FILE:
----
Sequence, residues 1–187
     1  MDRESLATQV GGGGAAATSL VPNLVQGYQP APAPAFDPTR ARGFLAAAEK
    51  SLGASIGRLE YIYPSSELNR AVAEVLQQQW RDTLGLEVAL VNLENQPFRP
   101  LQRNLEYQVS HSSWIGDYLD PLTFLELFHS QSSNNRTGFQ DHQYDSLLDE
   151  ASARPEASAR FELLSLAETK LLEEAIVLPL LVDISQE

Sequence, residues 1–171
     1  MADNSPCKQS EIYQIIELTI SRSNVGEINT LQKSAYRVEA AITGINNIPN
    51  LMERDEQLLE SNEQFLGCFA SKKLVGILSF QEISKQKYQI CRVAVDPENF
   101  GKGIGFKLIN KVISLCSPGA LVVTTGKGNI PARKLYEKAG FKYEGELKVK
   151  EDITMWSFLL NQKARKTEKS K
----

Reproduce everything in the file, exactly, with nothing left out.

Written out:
Sequence, residues 1–187
     1  MDRESLATQV GGGGAAATSL VPNLVQGYQP APAPAFDPTR ARGFLAAAEK
    51  SLGASIGRLE YIYPSSELNR AVAEVLQQQW RDTLGLEVAL VNLENQPFRP
   101  LQRNLEYQVS HSSWIGDYLD PLTFLELFHS QSSNNRTGFQ DHQYDSLLDE
   151  ASARPEASAR FELLSLAETK LLEEAIVLPL LVDISQE

Sequence, residues 1–171
     1  MADNSPCKQS EIYQIIELTI SRSNVGEINT LQKSAYRVEA AITGINNIPN
    51  LMERDEQLLE SNEQFLGCFA SKKLVGILSF QEISKQKYQI CRVAVDPENF
   101  GKGIGFKLIN KVISLCSPGA LVVTTGKGNI PARKLYEKAG FKYEGELKVK
   151  EDITMWSFLL NQKARKTEKS K